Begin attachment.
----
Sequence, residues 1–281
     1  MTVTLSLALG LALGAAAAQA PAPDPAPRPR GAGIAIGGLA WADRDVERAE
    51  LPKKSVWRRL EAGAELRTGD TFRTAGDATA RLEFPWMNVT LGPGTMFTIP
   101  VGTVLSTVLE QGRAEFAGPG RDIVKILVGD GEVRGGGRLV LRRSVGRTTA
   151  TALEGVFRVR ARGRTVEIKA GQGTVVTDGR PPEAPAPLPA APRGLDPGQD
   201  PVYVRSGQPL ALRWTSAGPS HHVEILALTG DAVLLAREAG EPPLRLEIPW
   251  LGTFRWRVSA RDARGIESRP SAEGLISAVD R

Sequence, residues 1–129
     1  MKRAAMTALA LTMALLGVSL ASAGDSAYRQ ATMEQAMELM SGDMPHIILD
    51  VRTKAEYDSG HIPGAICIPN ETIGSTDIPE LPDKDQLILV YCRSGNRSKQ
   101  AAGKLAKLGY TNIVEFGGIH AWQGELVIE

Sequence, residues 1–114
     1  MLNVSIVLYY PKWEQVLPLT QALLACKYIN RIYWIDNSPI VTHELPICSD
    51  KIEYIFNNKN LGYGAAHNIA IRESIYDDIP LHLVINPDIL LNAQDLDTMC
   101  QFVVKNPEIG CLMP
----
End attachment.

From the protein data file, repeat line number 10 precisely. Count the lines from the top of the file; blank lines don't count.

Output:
    51  VRTKAEYDSG HIPGAICIPN ETIGSTDIPE LPDKDQLILV YCRSGNRSKQ